Exercises provide dry run for S. Korean wartime control of forces
SEOUL — Officials announced plans Thursday for the largest annual joint exercises for U.S. and South Korean troops, which will provide a dry run for the planned U.S. handover of wartime operation control of the allied forces.
About 13,500 U.S. troops will participate in the Foal Eagle exercise March 1-April 30 or the Key Resolve exercise March 11-21.
It will be the first time that Key Resolve will be led by the South Korean Joint Chiefs of Staff and not the U.S.-led Combined Forces Command.
“This will help improve the (South Korean) military’s operational command capabilities and establish a basis for the wartime operations control transition,” according to a U.S. Forces Korea release.
Opinions have differed for years on whether the South Korean military is up to the task of leading the fight should hostilities with North Korea resume.
The transfer of responsibility was supposed to happen in 2007 but was pushed to 2012. The date was postponed again in 2010 to the current target of 2015 in the wake of criticism of the South’s response when North Korea sank one of its warships.
Last year, a Pentagon-commissioned study by the Center for Strategic and International Studies suggested that the U.S. military take steps to cover for perceived shortcomings in the South’s ability to defend itself, including delaying the 2015 OPCON transfer until South Korea’s military is better prepared to assume the responsibilities.
Defense Secretary Leon Panetta, in a letter accompanying the report when it was submitted to the Senate Armed Services Committee, said the transfer will go through only if South Korea meets “a series of planning milestones … to ensure that wartime OPCON transition occurs ... with no loss of readiness of our combined forces.”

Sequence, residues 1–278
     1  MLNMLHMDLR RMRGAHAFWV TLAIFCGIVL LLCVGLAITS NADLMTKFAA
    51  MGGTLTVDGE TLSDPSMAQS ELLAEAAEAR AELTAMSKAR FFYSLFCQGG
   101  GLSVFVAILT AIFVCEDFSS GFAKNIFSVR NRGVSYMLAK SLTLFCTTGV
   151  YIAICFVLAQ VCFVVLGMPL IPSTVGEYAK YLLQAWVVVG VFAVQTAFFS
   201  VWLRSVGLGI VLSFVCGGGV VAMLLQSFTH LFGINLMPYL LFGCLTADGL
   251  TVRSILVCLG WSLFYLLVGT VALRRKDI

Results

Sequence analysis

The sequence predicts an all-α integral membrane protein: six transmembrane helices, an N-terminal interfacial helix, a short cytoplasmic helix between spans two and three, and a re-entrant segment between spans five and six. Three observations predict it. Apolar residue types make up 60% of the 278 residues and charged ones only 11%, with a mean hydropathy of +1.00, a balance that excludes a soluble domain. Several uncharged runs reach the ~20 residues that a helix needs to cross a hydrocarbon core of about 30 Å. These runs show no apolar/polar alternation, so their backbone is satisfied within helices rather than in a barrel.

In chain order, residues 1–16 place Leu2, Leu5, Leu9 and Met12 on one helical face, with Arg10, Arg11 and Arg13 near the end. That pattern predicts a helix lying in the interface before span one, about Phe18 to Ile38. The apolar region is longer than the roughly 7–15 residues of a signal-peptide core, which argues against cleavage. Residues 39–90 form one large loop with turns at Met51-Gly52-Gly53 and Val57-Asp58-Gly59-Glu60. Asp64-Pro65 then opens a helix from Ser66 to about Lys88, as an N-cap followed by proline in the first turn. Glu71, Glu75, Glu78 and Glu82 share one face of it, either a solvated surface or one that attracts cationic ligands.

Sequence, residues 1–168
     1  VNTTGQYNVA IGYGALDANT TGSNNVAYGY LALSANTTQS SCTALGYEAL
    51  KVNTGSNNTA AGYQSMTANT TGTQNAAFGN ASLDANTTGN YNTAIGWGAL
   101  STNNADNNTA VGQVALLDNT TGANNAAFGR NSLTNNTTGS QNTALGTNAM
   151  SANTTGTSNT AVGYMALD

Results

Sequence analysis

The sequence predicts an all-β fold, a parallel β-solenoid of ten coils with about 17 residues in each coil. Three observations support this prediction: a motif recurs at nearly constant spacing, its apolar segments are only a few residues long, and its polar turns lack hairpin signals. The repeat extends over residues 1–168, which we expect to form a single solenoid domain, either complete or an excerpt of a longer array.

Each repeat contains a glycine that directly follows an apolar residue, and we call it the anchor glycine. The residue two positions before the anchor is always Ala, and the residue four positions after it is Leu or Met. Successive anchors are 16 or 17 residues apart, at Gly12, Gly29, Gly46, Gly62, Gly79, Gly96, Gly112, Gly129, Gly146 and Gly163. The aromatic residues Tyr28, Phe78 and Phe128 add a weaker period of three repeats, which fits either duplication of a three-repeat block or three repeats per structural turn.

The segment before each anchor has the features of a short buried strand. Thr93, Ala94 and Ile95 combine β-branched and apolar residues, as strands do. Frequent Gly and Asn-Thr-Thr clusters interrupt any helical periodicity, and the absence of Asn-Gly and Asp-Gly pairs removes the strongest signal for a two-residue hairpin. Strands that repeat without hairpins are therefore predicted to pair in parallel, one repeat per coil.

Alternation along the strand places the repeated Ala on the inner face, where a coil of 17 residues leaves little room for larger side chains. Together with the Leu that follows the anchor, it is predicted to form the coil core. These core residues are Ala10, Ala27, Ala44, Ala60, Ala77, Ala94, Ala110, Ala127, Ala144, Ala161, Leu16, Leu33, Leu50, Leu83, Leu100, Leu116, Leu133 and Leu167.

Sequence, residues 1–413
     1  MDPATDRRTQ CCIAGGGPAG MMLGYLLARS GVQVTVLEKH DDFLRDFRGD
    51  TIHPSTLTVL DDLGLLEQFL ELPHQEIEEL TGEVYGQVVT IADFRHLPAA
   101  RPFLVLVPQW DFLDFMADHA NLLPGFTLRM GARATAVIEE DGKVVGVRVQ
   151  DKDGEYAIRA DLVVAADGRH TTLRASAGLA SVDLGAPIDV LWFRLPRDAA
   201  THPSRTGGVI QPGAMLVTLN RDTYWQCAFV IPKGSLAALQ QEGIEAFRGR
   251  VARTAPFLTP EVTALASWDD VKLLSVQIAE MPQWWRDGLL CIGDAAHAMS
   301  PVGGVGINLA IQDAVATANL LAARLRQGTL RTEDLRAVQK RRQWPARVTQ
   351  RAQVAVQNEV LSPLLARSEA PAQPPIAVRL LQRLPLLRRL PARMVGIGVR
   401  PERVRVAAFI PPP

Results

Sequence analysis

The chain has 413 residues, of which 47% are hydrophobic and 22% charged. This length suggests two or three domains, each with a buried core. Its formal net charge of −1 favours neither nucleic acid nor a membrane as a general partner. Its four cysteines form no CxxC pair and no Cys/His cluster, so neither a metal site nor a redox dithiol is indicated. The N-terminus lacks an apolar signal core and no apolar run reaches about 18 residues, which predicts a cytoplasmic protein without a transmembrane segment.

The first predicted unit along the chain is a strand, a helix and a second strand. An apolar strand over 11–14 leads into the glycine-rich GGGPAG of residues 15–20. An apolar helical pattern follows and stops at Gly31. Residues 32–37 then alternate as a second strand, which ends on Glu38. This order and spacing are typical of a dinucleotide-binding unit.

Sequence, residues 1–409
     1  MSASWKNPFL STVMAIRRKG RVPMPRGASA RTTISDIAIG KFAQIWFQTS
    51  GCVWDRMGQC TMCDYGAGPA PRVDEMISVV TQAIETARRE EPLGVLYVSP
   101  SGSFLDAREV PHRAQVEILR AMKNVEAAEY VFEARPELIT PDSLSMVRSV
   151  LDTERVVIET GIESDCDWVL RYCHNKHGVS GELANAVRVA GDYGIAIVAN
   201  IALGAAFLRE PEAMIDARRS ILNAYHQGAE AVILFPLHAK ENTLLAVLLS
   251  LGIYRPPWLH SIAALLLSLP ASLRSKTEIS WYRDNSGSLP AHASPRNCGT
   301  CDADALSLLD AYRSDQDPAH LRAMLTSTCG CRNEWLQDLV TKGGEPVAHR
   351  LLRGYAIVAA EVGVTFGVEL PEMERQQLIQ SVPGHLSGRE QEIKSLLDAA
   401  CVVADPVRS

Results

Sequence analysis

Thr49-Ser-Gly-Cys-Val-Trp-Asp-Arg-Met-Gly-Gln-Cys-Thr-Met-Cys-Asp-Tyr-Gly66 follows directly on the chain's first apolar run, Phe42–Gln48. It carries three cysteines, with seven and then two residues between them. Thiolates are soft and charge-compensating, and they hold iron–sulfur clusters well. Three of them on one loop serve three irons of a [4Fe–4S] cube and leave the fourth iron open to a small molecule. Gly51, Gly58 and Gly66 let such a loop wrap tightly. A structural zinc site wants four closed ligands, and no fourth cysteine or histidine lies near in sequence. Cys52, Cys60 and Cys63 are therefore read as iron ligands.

The Key Resolve exercise will involve about 10,000 South Korean troops, 3,500 U.S. servicemembers and representatives of the militaries of United Nations Command members Denmark, Australia, Colombia, Canada and the United Kingdom, along with supervisors from the Neutral Nations Supervisory Commission.
The command-post exercise will include scenarios to defend the Korean Peninsula “through improving (South Korean)-U.S. combined forces’ operation capabilities, coordinating and executing the deployment of U.S. reinforcement forces and maintaining (the South Korean) military’s combat capabilities,” the USFK statement said.
Foal Eagle will involve 20 separate but related field training exercises “spanning ground, air, naval, expeditionary and special operations,” the statement said.
About 10,000 U.S. troops will participate in Foal Eagle, most from outside South Korea. As many as 200,000 South Korean troops traditionally participate in one or more elements of Foal Eagle.
The U.N. Command Military Armistice Commission notified the North Korean military Thursday about the dates for the exercises, advising that they are defensive in nature and not related to “the current situations on the Korean Peninsula.”
Despite those assurances, the annual announcement of the exercises prompts North Korea to issue provocative threats about its response to what it deems to be war preparations by the U.S. and South Korea.